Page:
John McAfee SwiftMail using blockchain to replace email

John McAfee SwiftMail using blockchain to replace emailJohn McAfee SwiftMail using blockchain to replace email

John McAfee Swift Mail (PRNewsFoto/Daniel Bruno and John McAfee)

Named for the anti-virus software developer, John McAfee SwiftMail is a new free, peer-to-peer, proof-of-work, encrypted mail system that uses the technology underlying Bitcoin to replace email.

On the John McAfee SwiftMail website, the system is described as “the ultimate written communication privacy tool” and includes the following comment from McAfee:

“When you first meet someone, you don’t divulge your deepest secrets. If privacy doesn’t matter, would you be willing to give your wallet to a total stranger and let them go through it and write down everything they find inside? Then why on earth would we believe that if we’re not doing anything wrong, we shouldn’t care if someone has our information?”

According to a press release issued Tuesday, the system uses 0.001 SwiftCoin to send mail and attachments on any device that operates on Android, Window or Ubuntu. The mail recipient will send back the same amount in SwiftCoin to reply, resulting in a zero net cost for sending and receiving John McAfee SwiftMail.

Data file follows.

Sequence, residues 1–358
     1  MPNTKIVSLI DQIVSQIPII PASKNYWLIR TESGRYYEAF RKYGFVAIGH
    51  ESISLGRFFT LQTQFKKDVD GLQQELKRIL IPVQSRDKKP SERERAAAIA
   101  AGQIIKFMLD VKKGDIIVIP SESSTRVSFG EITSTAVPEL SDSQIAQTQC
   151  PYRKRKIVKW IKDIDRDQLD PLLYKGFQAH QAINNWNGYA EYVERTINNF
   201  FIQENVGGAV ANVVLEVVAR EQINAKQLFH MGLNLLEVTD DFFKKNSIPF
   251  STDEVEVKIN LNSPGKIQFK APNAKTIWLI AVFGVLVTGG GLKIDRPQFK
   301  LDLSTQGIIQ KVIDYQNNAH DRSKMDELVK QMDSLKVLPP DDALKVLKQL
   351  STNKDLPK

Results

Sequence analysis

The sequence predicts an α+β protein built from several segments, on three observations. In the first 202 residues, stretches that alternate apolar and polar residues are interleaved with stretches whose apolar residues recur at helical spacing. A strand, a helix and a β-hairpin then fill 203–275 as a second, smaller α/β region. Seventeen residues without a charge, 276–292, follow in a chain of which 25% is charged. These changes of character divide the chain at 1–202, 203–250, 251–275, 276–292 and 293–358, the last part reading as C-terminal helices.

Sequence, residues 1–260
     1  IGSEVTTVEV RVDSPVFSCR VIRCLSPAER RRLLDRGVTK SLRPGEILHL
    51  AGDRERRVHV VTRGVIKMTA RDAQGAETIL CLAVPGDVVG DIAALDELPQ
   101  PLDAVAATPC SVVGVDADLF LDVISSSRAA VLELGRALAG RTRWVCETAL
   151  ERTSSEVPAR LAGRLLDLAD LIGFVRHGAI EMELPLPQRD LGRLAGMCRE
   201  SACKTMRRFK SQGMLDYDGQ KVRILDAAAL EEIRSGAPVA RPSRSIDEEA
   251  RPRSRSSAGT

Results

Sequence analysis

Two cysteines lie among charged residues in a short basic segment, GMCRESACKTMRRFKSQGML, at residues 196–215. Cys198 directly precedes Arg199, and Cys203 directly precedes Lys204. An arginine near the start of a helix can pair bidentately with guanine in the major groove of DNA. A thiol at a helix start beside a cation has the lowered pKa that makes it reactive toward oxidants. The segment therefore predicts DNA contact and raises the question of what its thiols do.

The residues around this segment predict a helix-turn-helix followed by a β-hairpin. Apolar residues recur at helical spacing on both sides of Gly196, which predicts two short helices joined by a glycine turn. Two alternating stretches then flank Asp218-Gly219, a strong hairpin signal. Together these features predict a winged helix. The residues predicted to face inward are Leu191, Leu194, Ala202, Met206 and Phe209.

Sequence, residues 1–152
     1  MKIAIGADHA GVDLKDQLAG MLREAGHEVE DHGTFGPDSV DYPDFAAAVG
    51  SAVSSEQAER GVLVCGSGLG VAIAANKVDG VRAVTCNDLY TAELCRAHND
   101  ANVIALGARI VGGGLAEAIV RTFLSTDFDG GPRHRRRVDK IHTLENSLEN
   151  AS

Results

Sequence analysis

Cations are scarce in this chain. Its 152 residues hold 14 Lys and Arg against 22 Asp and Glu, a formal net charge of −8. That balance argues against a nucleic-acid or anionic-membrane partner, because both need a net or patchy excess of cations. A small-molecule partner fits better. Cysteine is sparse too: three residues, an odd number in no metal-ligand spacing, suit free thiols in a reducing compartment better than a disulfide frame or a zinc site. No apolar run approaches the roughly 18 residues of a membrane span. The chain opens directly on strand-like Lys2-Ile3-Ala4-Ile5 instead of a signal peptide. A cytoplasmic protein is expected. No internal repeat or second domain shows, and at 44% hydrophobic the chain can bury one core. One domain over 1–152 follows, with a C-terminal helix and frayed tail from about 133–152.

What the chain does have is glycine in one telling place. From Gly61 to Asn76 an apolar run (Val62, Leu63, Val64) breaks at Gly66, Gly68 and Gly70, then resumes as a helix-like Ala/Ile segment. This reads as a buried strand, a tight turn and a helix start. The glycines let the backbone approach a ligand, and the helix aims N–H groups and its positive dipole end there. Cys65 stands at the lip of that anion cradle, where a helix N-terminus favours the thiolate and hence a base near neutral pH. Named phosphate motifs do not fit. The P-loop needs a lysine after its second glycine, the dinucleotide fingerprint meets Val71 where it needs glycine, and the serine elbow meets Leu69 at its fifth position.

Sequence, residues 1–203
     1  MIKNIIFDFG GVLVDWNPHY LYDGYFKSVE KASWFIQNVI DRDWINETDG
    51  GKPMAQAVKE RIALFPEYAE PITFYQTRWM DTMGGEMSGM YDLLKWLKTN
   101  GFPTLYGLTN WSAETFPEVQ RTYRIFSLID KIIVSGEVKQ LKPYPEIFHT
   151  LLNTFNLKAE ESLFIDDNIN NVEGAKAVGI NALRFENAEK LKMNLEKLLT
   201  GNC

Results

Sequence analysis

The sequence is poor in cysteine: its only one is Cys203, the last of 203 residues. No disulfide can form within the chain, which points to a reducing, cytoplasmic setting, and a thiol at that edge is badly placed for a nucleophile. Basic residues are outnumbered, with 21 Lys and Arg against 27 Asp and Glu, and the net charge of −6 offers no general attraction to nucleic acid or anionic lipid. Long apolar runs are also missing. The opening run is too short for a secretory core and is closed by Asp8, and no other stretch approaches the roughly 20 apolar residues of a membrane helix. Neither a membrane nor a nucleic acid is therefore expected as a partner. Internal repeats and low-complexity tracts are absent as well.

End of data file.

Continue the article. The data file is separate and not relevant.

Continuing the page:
Developed by Daniel Bruno, a chartered market technician, SwiftCoin is a decentralized, peer-to-peer, proprietary proof-of-work digital currency and transaction network. SwiftCoin can be bought and sold for Bitcoin and fiat currencies. The press release said the SwiftCoin blockchain confirms all mail and payment transactions without any centralized approval or manual intervention.

According to the SwiftMail website, SwiftCoin is valued at approximately one dollar and market mechanisms are in place to discourage any inflation, deflation and volatility. A limited supply of complimentary SwiftCoin may be available to each first-time user of SwiftMail.

The press release said a SwiftMail wallet address comprises a string of alphanumeric characters, not unlike a Bitcoin address. Users can get as many SwiftMail wallet addresses as they want with one click. The system employs 256- bit, end-to-end encryption, and SwiftMail users can store their wallets on a computer, external disk or a USB key.

The website describes John McAfee SwiftMail as “very user friendly” with a simple download to run the system. The technology uses intuitive red, yellow and green bands to let the user know if and when their mail was received and by whom, and eliminates the need for confidentiality notices put at the bottom of emails.

Image via press release (image link)